The truth is that for most people, wine can be pretty confusing. It’s our job, of course, to change that and to show people just how amazing the world of wine can be.
‘Ask a Somm’ is your chance to ask all of the alcohol related questions that you’ve always wondered about. Have a question? Ask it using the form at the bottom of the page.
What's the actual difference between Pinot Gris and Pinot Grigio? - Mary P.
Well, the simplest is “there isn’t one,” but let’s dig in a little deeper than that. The words “grigio” and “gris” and Italian and French, respectively, for gray. Naturally, wines from Italy will be labeled with “Grigio,” while those from France as labeled “Gris.” Wines from the U.S. are most often labeled with “Gris,” but this is entirely up to the winemaker or, more often, the winery’s marketing team.
Now, name aside, is there is any difference between the grapes themselves? No. On a genetic level, Pinot Gris and Pinot Grigio are the same. In fact, Pinot Gris/Grigio is actually a genetic mutation of Pinot Noir. The Pinot Noir grapes’ color is determined by a gene called anthocyanin. When this gene is active, it gives the grapes a deep purple color resulting in Pinot Noir. When this gene is dormant, the grapes are colorless and the resulting wine is called Pinot Blanc. Pinot Gris/Grigio comes from an in between coloring in which Pinot Noir skins cover Pinot Blanc grapes, resulting in fruit that isn’t quite white but also into quite red. Hence the name “gray.”
My husband doesn’t drink white wines - only reds. I know you’re not supposed to drink red wines with fish, but we eat salmon at least once a week in our house. Is there any red wine that I can serve that pairs well with fish? - Susan M.
Well, first of all, it’s disappointing that your husband is ruling out so many amazing wines. White wines, when given the chance, can be every bit as good as red wines, and I wish more people would be as adventurous with whites as they were with reds. That being said, I’m a believer that red wine and fish isn’t the ‘no-no’ common practice has lead us to believe. Conventional wisdom tells us that the delicate flavors of fish are too subtle to handle the power of a red wine. I can certainly think of times when this is true (sushi and Napa Cabernet, ugh), but in your case, especially with salmon which is quite flavorful on its own, I think there are a few options that work perfectly.
The first thing to come to mind is Pinot Noir, especially one from France or Oregon. These wines will have enough body to satisfy your husband’s taste without being so robust as to overpower the fish.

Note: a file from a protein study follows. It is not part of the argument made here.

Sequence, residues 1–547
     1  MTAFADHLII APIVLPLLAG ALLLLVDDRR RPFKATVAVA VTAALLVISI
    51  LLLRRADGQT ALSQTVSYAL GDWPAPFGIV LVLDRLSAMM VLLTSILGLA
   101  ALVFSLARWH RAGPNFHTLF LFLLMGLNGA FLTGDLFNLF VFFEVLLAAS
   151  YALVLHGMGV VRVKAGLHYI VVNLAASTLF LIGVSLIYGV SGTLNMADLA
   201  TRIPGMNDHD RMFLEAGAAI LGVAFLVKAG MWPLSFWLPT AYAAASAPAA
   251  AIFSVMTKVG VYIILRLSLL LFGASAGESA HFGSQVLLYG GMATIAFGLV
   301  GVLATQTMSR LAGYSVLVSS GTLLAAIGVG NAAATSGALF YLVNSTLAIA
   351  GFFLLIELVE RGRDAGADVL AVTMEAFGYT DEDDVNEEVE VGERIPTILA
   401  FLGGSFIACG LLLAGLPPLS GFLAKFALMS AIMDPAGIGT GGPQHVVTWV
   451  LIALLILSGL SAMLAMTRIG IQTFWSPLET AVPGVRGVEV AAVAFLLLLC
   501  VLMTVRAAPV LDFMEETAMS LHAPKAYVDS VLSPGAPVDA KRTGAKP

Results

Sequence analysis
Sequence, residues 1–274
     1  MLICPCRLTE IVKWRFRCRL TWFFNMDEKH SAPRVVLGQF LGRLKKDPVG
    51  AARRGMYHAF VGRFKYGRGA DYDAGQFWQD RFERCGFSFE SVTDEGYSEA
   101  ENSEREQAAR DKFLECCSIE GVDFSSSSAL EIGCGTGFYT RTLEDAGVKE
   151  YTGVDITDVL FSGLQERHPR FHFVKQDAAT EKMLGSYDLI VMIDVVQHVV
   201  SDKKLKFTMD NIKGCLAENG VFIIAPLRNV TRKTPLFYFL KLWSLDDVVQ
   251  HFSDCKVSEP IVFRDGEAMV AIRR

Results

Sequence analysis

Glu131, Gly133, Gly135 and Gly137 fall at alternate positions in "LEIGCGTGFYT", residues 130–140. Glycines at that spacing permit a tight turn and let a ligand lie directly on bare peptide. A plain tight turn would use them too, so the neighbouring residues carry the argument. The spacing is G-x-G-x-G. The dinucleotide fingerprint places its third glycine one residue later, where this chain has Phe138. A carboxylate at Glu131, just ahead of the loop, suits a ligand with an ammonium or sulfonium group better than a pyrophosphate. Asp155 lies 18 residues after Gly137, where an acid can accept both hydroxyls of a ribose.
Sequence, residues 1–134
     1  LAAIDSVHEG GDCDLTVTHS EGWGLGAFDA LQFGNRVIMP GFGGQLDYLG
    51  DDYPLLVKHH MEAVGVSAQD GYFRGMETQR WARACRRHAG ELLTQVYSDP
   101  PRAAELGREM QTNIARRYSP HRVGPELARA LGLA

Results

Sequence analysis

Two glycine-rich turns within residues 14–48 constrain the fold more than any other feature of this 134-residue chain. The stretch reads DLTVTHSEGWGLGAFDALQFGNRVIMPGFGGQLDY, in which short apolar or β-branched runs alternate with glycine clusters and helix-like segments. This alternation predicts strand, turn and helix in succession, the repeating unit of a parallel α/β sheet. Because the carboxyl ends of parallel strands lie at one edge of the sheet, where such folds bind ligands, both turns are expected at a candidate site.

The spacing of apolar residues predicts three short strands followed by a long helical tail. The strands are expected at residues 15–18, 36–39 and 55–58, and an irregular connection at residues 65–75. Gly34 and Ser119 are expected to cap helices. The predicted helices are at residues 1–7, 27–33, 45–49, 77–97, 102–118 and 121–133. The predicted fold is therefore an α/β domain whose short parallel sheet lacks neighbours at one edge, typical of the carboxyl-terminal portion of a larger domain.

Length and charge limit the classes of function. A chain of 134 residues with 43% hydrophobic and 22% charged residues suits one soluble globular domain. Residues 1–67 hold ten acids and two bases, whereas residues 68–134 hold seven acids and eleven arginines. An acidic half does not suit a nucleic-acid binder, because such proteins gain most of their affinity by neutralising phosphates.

My other recommendation is a little less common than Pinot but every bit as good! Have you ever heard of the grape Gamay? Most people’s experience with the grape is from Beaujolais Nouveau, a mass marketed wine that’s released each year just before the Thanksgiving holiday. Though quality varies by producer, most examples of Beaujolais Nouveau aren’t that good, but please don’t let that spoil Gamay for you. Gamay produces a light to medium-bodied red wine that’s high in ripe fruit flavors; think strawberry, raspberry, and plum. It’s one of my favorite reds to drink in the summer largely because of how good it is when chilled. Pop it in the fridge for 30 minutes before you drink it and it becomes the perfect patio red!
I’m someone who doesn’t like to rock the boat...I have my go-to wines both red and white and I don’t venture from them often. This isn’t because I don’t want to try new things. It’s more that I don’t know how to find the wine that comes next. How am I supposed to know what else I might like? - David P.
This is something I see all the time. Trust me, you’re not the only person feeling this way. For a lot of people, wine can be confusing. That’s where people like me come in. It’s literally my job to help customers find a wine that they’ll love. I do this by asking questions and the first question I always ask is ‘what do you like?’ It’s a pretty simple question but knowing what you enjoy is the easiest way for me to pick out something new for you. The second question I like to ask is what you don’t like. Knowing you like Chardonnay is helpful, but knowing you dislike oaky, buttery Chardonnays is even better! Lastly, I’ll always ask how much you’re looking to spend. The worst answer to this question is a non-answer like “not too much” or “a medium price.” Everyone’s budget is different and there’s no harm at all with wanting to spend a specific amount on a bottle. Giving me that information not only helps me choose a better wine. There’s nothing wrong with having a go-to wine, but the beauty of wine is how different every bottle can be. If you’re not exploring even a tiny bit, you’re limiting your palate and your enjoyment in a major way.